Dear caregivers how do you deal with constant moaning and sleep deprivation

My husband David moans most of the night or makes very loud choking noises. He is not in pain so he says. He has never learned to prevent himself from pulling off his catheter at least once a night. This has been our lives for two years. His illness started in 2004. Is anyone extremely fatigued and feeling as though PSP is taking more than one life? Do you ever feel like you are so tired that you are going to die too. I feel like that today. Please pray that he sleeps for the next full week during the night.

Thank you and with love

Judy

9 Replies

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  • Judy - my heart goes out to you, I hope you are getting practical help from either Social Services , carers and your own Dr. I had the same trouble with Frank and his catheter but now he has a pubic one fitted and that seemed to put an end to to one problem. I am sure there will be more answers that will be more practical and a greater help to you than my few words, I do so hope you catch up on your rest.

    x

  • Dear Judy,

    You must be exhausted!! Does David take anything to help him sleep? Mum takes half a clonazepam, which works a treat! As for the choking sounds - it could be that his own saliva is collecting at the back of his throat. How many pillows does he use? You may find that elevating his head a little will help with that. As for the catherter problem I suggest you go back to your GP as repeated pulling out of a catheter can cause trauma to the urethra. Whatever you do you must get help, you cannot keep going if you are exhausted - maybe David could go for a period of respite care to allow you to "recharge" your batteries.

    Do take care of yourself

    Love to both of you

    Kathy xxx

  • Hi

    I have recently dceloped Snorimg problems

    Nec been a problem b4 but it drives my partner mad

    Lol Jill

  • Hi.

    With PSP you have to live with that. I too do not sleep but I do not snore. But I cough from bottom of my stomach.It makes a huge sound and every one looks me. It is very embarrassing to my wife.My eyes closes as if I was fallen asleep. But i do not sleep. Someone wrote to me it is because the muscles have become weak. i am 72 and doctor has diagnosed me as having PSP about 9 months back.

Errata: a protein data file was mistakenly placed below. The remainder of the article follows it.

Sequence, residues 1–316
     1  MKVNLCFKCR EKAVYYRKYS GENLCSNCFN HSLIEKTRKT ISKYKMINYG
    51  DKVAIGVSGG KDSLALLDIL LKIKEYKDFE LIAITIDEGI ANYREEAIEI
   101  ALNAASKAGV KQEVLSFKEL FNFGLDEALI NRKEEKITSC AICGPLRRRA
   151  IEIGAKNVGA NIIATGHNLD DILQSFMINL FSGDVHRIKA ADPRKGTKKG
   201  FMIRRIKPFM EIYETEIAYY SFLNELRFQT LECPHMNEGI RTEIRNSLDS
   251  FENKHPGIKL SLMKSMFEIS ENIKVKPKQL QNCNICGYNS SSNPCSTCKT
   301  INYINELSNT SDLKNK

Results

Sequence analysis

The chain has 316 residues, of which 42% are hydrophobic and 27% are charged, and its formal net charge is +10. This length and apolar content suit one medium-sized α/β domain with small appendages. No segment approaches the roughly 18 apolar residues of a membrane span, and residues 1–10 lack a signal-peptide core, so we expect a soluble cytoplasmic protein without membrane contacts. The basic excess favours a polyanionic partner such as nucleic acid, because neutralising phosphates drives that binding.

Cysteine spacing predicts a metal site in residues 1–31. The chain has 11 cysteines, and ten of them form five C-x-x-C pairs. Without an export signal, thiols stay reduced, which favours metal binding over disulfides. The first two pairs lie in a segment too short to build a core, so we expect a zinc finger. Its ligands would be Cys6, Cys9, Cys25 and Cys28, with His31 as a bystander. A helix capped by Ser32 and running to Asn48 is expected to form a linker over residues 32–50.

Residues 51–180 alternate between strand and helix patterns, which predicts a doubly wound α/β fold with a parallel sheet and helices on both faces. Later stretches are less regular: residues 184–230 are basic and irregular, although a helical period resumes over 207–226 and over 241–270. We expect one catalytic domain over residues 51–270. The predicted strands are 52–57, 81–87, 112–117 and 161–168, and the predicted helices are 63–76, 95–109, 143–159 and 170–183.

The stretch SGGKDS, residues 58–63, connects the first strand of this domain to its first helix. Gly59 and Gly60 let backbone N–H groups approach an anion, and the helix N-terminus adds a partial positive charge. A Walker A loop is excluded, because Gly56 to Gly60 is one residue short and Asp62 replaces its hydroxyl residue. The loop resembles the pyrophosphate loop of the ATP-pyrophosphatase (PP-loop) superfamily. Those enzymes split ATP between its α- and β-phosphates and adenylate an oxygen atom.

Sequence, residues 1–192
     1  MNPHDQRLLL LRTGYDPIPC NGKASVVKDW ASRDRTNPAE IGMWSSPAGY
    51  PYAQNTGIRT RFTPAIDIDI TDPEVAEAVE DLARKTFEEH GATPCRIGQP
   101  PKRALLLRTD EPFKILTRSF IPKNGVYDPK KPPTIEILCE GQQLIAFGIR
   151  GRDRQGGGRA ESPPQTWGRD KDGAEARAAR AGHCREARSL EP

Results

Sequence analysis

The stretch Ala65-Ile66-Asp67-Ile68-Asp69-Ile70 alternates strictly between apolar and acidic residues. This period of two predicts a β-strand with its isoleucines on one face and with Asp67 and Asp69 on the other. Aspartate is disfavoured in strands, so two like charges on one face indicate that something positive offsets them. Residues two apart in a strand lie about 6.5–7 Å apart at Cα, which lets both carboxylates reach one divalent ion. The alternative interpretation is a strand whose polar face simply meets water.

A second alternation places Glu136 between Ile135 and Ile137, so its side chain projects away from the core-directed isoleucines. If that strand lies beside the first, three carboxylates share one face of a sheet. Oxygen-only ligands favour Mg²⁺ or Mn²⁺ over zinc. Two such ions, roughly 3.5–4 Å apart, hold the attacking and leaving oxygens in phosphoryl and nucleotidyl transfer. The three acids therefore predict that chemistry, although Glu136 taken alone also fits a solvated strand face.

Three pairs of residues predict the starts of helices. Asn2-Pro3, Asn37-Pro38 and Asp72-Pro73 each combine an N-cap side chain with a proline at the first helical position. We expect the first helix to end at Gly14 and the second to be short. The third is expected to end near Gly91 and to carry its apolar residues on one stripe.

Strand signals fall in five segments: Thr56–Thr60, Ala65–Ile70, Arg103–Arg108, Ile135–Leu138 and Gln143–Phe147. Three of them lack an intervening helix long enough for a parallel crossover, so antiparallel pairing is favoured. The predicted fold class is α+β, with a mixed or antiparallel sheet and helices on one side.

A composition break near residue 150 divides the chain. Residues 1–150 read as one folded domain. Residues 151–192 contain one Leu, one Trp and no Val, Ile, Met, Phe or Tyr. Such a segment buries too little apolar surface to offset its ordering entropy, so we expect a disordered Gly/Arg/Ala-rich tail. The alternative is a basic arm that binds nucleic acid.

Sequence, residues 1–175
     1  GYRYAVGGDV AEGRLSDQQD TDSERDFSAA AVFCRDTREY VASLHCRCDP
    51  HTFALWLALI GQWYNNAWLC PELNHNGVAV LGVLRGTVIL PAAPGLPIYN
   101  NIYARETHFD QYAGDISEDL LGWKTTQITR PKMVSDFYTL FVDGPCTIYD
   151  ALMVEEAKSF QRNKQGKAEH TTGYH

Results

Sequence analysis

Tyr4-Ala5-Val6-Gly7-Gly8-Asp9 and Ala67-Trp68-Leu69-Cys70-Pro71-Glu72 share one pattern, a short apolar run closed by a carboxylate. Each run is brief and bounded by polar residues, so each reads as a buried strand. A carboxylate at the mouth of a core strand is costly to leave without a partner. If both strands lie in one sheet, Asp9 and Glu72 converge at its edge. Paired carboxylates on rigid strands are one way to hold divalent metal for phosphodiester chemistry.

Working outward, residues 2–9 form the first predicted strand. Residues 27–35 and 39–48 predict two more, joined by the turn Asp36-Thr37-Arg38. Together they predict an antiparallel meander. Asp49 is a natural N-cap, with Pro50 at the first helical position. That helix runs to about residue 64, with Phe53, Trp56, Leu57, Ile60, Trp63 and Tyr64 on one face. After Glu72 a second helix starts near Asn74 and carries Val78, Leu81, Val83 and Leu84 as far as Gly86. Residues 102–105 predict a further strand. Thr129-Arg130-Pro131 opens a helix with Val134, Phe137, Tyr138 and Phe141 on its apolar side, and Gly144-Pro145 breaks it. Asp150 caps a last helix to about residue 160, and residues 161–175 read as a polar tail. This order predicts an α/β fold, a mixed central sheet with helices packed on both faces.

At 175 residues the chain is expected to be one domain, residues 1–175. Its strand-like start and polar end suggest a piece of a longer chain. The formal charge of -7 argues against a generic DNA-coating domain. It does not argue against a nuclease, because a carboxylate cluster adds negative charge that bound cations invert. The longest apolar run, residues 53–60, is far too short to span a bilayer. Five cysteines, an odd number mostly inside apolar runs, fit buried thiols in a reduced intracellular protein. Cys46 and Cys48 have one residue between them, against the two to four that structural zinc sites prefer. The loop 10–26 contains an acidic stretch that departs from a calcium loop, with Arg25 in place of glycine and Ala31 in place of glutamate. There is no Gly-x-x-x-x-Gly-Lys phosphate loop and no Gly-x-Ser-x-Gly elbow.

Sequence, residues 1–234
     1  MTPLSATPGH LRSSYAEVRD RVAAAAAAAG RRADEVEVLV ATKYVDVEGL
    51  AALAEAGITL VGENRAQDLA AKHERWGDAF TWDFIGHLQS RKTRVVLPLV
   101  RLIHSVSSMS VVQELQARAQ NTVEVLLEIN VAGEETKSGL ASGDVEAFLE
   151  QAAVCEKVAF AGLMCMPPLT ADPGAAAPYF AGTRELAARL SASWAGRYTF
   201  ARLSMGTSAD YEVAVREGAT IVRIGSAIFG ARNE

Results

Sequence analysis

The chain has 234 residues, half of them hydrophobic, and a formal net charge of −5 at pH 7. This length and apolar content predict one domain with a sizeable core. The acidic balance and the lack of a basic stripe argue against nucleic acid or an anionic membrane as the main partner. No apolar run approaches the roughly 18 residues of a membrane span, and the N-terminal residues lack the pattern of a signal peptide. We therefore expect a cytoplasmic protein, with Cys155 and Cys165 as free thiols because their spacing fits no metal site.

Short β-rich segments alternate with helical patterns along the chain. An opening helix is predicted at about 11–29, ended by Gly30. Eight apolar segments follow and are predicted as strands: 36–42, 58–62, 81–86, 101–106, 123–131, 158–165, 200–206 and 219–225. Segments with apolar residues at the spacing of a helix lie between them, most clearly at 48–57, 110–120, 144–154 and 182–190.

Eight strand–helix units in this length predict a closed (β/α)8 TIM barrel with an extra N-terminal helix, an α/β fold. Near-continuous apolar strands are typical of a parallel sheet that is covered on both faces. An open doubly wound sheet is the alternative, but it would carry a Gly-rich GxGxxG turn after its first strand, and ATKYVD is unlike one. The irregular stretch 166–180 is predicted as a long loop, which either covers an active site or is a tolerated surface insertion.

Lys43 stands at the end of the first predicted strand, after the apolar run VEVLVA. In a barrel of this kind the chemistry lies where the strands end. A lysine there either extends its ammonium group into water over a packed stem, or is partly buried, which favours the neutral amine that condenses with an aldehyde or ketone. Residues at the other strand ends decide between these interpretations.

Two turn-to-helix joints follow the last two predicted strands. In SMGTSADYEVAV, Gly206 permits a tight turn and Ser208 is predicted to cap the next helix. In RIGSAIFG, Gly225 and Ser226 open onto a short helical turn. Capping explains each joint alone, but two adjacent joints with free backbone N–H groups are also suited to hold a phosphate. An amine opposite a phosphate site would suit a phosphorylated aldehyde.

• my husband is 89 and diagnosed 2008. He does snore, but also has the same coughing problems as you and exactly the same with his eyes, never sure if he is asleep or awake, always needs to clear his throat a lot.

  • my wife had suffered from the snoring etc and she is in her 7th year since diagnosis - every 3 months she has botox injections into her muscles over her shoulders and her muscles at the base of her head this has eliminated the night problems of snoring choking and she now sleeps for 6 to 8 hours without wake up much to everyone's relief. The botox is administered at the local hospital and the dosage is high at 400 to 600 cc per treatment every 3 months but it does the trick. This also corrected the problem of her muscle contraction causing her head to aim skyward.

  • I agree with Macd, get your neurologist to give your hubby some botox injections, they really helped my grandad. Also if he has trouble or discomfort moving at night and gets dead legs etc, try a positive pressure mattress too, you may be able to get the OT to source one.

  • Oh Judy, I can so empathise with you. I have my own health problems and would so like to have a few nights unbroken sleep and, yes it does pull you down. I have given up trying to do much housework etc and just try to take cat naps when ever I can. I am lucky that I have good carers and good professional support. I hope you have got this sorted. Don't be reticent, get Social Services to review your husband's care plan and make sure that they include your needs as well.

    We applied to the local hospice for respite care and have been given a week every three months. This is the only place where I can feel OK about letting him be cared for away from home. Do check this out. I had to get the GP to refer him, but once that was done the staff have made great efforts to continue being supportive and phone on a regular basis. They are so caring and friendly. If you haven't already done so do give this a try.

    I have also learnt to accept help from my friends- such a hard task when you have been fiercely independent all your life.

    Special caring thoughts to you both.

  • Hallo, Judy,

    I have found that if my mother listens to the radio at night, it reduces her groaning. She has a small, handheld portable radio and listens with earphones, so it doesn't create a noise for other people. Maybe she gets the same comfort from the incoming sound (voices, she likes talk radio), that she otherwise gets from vocalising? It's not a perfect solution, but it works sometimes.

    Anyway, I hope you have some respite soon.

    Sending you my warmest wishes.

    Amanda.

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